After I noticed, I rinsed the cut with water very well. However there were no immediate repercussions, and as of yet no long term ones. However, I'm trying to prevent any severe consequences. It's happened more than once, but how many times I can't say. Just trying to eliminate any long-term health hazards. I'm doing this all in a small mud room sink that doesn't really have any ventilation, but I was more worried about direct skin contact. Thinking about it, maybe I should be more concerned about ventilation? I can't very well do this outside, and my options are limited.
Any cut no matter how small or large must be protected from the ingress of chemicals, not necessarily those limited to darkroom use. Oils, greese, washing powders, dishwash... it's a long list, can all present quite serious skin and blood problems if they are repeatedly allowed to get in. Yes, wearing gloves is a splendid idea, discarding them after each session; not a great many people give consideration to skin safety when working in the darkroom, but I think they should. A mud room sounds romantic, sort of: do you mean wattle and daub/mudbrick? But no ventilation, well... something might need to be done there; inhaling fumes routinely used in the darkroom isn't going to do you much good long term (emphysema is one complication from long exposure to inhaled chemicals, but there are many, including benzines and polyaromatics that are chiefly the culprits). But you'll sort something out and come up trumps — you did so with your website!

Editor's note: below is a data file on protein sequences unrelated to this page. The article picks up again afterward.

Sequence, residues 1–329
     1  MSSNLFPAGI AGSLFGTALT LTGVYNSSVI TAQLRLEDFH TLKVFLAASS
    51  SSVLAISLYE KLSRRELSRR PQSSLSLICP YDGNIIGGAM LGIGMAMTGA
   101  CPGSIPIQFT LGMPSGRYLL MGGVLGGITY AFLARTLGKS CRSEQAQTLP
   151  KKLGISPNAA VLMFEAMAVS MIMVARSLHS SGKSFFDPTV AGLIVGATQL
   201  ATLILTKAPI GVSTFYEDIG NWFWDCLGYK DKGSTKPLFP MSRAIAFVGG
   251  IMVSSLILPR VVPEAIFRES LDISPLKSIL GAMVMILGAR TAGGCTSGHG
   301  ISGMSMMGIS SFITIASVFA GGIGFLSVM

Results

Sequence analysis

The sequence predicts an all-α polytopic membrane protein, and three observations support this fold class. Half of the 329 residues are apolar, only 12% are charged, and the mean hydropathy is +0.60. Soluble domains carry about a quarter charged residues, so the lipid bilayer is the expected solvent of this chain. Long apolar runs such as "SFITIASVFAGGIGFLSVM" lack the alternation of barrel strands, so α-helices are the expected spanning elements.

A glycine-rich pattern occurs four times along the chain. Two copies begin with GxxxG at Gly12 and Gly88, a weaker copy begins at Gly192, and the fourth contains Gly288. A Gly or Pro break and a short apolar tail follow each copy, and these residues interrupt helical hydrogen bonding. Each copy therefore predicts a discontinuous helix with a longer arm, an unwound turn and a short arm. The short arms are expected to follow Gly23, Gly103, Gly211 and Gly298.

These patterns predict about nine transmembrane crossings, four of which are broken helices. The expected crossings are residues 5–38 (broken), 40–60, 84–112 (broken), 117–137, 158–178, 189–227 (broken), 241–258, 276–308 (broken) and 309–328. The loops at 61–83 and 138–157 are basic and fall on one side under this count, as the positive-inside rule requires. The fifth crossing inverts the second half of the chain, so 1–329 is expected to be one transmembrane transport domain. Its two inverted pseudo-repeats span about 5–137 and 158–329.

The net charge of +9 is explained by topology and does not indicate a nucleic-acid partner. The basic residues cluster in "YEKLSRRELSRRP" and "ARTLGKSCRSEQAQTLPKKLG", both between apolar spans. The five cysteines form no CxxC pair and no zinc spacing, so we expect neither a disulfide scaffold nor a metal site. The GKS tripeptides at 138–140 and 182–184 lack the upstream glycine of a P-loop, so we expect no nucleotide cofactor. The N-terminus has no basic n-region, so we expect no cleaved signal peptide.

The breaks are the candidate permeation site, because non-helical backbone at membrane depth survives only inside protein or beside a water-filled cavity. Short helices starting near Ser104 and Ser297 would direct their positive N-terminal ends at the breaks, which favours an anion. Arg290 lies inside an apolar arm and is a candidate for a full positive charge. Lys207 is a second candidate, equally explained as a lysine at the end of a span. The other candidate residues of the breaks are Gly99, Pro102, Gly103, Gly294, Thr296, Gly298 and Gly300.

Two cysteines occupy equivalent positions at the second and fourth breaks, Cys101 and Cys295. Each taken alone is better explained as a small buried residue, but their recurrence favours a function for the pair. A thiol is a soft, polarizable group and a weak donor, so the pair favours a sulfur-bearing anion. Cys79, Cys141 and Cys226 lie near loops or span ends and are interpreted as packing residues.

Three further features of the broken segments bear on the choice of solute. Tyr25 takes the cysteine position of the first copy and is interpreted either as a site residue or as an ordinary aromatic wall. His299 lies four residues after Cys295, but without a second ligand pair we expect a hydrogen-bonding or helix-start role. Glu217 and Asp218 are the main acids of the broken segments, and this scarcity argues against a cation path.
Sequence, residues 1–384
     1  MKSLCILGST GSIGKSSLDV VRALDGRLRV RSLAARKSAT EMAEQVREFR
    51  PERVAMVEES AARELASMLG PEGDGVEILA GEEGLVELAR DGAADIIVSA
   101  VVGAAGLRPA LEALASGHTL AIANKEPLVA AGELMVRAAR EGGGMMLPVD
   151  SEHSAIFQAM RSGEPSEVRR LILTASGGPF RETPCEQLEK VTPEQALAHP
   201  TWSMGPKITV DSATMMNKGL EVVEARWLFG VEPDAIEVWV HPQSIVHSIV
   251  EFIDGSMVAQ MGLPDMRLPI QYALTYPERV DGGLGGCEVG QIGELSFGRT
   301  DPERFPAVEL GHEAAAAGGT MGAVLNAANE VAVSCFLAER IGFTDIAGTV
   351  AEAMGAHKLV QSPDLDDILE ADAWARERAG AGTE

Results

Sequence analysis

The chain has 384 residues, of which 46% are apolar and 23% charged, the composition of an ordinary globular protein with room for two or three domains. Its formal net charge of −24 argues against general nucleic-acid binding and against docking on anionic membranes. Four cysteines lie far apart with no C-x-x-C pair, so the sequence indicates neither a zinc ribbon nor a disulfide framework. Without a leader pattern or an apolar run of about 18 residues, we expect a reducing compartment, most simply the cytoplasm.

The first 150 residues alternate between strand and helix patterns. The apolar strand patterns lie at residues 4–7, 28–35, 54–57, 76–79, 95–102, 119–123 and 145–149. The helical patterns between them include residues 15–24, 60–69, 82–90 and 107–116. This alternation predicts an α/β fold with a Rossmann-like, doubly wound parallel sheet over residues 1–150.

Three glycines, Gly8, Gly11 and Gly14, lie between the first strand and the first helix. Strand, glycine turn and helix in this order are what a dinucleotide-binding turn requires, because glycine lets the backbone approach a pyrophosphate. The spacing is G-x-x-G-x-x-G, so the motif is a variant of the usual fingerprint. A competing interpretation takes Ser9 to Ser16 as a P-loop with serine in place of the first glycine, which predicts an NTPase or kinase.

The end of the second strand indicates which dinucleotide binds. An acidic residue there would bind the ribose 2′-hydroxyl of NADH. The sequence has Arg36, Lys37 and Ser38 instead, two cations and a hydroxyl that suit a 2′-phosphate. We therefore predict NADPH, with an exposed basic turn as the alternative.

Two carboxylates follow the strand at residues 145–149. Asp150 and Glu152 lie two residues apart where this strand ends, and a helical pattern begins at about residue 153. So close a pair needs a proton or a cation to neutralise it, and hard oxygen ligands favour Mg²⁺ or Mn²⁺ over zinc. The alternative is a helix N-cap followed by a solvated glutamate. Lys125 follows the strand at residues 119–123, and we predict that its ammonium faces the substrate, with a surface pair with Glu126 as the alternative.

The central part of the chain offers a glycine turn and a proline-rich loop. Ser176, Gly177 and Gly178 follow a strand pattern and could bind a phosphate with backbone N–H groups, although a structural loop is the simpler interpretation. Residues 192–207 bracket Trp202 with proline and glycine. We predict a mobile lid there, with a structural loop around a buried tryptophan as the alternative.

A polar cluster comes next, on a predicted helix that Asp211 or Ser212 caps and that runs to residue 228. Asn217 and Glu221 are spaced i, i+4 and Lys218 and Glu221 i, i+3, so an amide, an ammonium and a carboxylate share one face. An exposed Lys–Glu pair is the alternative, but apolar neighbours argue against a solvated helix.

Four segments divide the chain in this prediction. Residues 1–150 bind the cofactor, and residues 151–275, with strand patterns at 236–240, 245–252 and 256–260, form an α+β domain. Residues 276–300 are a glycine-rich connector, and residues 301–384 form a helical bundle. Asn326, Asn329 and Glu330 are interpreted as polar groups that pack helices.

.::Gary Rowan Higgins
One beautiful image is worth
a thousand hours of therapy.
"It is horrifying that we have to fight our own government
to save the environment."